CaptCrunk (859386) | about 5 years ago | (#29044957)

Chicago does have the Museum of Science and Industry [msichicago.org] , but also houses the Field Museum [fieldmuseum.org] , Adler Planetarium [adlerplanetarium.org] , and the Shedd Aquarium [sheddaquarium.org] . While it seems that this would be less interesting, it's worth mentioning the Chicago Art Institute [artic.edu] too. All of these museums are fairly close to each other (with the exception of the Museum of Science and Industry).

Ontario (canada) + alberta (1)

AlizarinCrimson (1548857) | about 5 years ago | (#29044983)

Ontatio: The ROM (Royal Ontatrio Museum) -Toronto http://www.rom.on.ca/ [rom.on.ca]
The Science Center -Toronto http://www.ontariosciencecentre.ca/ [ontariosciencecentre.ca]

Science North -Sudbury http://www2.sciencenorth.ca/ [sciencenorth.ca]

Alberta has The Royal Tyrell Museum of Palentolgy (which may still have day trips in to the bad lands to active dig sites where you get to help). http://www.tyrrellmuseum.com/ [tyrrellmuseum.com]

AMNH & Mutter (1)

drunken_boxer777 (985820) | about 5 years ago | (#29044989)

My two favorites are the American Museum of Natural History [amnh.org] in NYC and the Mutter Museum [collphyphil.org] in Philadelphia.

The AMNH is enormous; you could easily spend an entire day there, and you'd be hard-pressed to see everything in detail. It has the best dinosaur and primate sections I've ever seen.

The Mutter is just plain cool: a museum devoted to medical oddities, like the skeleton(s) of Cheng & Eng, the 'Siamese twins'. As a PhD-wielding developmental biologist and geneticist I was happy to see some medical information on the various diseases or developmental problems that are on display. Sadly, you cannot take photos; they prefer you purchase their (expensive) photo book.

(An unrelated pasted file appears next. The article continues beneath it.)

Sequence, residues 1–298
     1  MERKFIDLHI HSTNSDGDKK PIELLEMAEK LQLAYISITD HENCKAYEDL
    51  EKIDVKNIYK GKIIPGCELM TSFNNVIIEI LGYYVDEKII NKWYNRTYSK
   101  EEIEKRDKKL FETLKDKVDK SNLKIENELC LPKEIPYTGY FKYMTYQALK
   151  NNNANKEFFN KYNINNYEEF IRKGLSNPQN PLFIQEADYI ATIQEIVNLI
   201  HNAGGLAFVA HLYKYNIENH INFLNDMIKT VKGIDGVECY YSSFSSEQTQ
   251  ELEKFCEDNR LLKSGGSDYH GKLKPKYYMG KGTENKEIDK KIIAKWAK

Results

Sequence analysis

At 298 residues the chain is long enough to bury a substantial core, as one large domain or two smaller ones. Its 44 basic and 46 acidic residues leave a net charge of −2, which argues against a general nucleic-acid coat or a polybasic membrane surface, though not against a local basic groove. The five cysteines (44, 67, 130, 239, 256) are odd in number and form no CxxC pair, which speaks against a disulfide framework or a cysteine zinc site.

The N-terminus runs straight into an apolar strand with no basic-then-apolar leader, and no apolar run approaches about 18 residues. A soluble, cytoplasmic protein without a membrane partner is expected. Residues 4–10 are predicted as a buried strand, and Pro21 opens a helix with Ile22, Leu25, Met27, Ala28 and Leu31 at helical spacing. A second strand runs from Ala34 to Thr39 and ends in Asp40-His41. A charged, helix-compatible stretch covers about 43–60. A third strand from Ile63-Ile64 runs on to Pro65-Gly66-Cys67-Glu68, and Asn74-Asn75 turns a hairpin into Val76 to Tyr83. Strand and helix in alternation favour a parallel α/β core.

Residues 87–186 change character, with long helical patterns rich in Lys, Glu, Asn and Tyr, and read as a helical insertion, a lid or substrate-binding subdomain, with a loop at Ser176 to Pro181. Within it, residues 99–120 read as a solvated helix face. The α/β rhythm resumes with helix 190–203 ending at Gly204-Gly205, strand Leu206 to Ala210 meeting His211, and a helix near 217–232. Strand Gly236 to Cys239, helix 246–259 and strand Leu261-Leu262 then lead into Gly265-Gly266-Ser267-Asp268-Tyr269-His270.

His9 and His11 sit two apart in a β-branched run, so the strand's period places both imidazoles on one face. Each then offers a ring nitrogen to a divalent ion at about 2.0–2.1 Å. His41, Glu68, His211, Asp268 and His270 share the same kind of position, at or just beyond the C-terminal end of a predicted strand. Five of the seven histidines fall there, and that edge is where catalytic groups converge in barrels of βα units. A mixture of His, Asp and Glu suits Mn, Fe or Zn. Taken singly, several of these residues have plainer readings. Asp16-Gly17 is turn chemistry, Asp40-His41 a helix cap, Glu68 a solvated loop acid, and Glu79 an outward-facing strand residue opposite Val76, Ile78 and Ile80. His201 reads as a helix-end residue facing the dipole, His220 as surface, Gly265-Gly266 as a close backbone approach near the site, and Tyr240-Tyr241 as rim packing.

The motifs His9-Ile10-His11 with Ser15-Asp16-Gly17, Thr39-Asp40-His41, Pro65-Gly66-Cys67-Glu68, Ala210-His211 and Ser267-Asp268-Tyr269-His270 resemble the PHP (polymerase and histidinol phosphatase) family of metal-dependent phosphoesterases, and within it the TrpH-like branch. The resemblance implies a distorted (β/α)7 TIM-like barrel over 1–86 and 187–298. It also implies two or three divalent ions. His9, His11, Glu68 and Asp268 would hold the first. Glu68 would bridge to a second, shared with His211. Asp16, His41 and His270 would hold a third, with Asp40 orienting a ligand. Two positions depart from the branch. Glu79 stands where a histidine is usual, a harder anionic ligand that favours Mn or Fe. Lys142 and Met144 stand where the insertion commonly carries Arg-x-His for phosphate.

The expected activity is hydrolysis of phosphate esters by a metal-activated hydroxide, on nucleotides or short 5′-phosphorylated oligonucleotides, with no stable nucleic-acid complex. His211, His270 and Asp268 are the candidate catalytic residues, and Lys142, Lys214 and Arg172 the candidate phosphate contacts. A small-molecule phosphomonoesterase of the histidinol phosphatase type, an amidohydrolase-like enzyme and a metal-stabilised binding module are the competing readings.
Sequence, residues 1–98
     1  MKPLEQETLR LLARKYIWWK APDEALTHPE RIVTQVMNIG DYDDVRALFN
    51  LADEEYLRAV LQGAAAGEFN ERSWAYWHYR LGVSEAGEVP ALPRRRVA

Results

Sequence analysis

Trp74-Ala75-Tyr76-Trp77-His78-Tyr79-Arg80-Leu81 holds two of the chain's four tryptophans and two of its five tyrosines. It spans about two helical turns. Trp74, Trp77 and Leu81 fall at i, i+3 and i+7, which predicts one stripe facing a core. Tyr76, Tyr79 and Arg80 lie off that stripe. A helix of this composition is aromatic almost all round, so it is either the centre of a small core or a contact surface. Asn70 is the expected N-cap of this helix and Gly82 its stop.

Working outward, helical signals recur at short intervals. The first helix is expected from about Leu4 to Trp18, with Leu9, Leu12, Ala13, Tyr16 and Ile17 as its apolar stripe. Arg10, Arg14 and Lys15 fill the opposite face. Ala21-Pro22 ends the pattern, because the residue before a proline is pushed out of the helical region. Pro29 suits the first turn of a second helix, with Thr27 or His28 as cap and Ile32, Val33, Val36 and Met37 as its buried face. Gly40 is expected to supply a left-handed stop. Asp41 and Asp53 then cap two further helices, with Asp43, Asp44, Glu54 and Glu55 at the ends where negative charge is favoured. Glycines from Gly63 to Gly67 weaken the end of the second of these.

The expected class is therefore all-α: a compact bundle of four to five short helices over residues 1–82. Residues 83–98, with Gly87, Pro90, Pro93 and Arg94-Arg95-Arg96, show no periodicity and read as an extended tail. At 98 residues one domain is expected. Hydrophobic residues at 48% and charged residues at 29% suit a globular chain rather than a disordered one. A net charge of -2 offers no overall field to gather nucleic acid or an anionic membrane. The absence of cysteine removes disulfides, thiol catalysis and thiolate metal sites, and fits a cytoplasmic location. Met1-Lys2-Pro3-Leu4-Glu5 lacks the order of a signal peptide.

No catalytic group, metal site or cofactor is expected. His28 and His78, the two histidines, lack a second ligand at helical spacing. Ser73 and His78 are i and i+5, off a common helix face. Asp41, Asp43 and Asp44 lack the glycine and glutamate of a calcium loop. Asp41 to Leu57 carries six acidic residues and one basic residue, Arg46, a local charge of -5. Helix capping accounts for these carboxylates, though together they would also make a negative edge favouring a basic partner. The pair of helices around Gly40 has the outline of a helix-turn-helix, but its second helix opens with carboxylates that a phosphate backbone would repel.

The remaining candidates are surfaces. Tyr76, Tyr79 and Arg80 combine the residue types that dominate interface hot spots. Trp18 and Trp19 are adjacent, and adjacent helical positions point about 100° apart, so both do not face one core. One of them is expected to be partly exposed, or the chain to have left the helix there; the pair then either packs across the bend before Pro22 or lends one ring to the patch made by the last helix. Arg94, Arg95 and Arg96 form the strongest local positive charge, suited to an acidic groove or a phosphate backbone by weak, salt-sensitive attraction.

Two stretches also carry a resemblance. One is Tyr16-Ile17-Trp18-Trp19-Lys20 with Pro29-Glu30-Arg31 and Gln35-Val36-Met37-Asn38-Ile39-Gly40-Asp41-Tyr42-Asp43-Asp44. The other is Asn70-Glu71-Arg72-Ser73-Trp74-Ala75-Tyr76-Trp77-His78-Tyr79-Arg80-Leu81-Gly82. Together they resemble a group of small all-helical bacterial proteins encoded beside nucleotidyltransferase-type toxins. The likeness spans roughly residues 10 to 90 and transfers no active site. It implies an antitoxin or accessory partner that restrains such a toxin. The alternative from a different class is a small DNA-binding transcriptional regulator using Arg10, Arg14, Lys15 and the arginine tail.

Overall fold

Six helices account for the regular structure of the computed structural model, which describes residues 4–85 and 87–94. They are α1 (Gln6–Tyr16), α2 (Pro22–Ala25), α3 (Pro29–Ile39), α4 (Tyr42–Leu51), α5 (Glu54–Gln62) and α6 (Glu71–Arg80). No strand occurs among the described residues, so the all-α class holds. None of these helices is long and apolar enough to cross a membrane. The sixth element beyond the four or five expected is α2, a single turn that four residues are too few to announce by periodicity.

Geek Atlas.. (1)

CBung (1572609) | about 5 years ago | (#29044991)

There was a Geek Atlas review posted very recently, try that.

Washington D.C, NewYork, San Diego, Baltimore (1)

Danathar (267989) | about 5 years ago | (#29045001)

Washington D.C. = Smithsonian Institution - Natural History Museum

NewYork = Can't remember, but good museums

San Diego = Balboa Park

Baltimore = Baltimore Aquarium

Aviation/Space (1)

airos4 (82561) | about 5 years ago | (#29045003)

Liberty Science Center in Jersey is pretty decent, and has the advantage of being right near the Statue so you can do that too.
If you're aviation/space types, I recommend the Air Force Museum in Ohio.
http://www.nationalmuseum.af.mil/exhibits/ [af.mil]

There's also the NASA sites - Houston and Canaveral both have extensive places to walk around and see things.

OMSI (1)

ink (4325) | about 5 years ago | (#29045023)

The Oregon Museum of Science and Industry [omsi.org] is incredible. I go there every time I visit Portland. I put it ahead of any technology museums in the surrounding states, including my native California.

Not a museum, but... (0)

Anonymous Coward | about 5 years ago | (#29045037)

I'm going to go OT, and suggest that if you're into the science museum thing, you might also consider checking out some of the contemporary world technology marvels, like coal mining in Wyoming, or copper mining in Arizona, or Hoover Dam, or go watch the Space Shuttle take off. Maybe that's not your game, who knows. Extra added benefit: more fresh air than most museums have to offer.

Museums, etc (0)

Anonymous Coward | about 5 years ago | (#29045039)

Air Force Museum outside of Dayton, OH. Allow 2 days.

If planetariums are of special interest, the Buhl Planetarium in Pittsburgh is somewhat unique, in that its projector is a mid-30's Zeiss "dogbone". I don't believe there are any others left.

Museum of Transport (1)

ozarkcanoer (808891) | about 5 years ago | (#29045051)

In Saint Louis county Missouri is the Museum of Transport with lots of trains, streetcars, autos. Kids love it. http://transportmuseumassociation.org/ [transportm...iation.org]

Boston Museum of Science (0)

Anonymous Coward | about 5 years ago | (#29045061)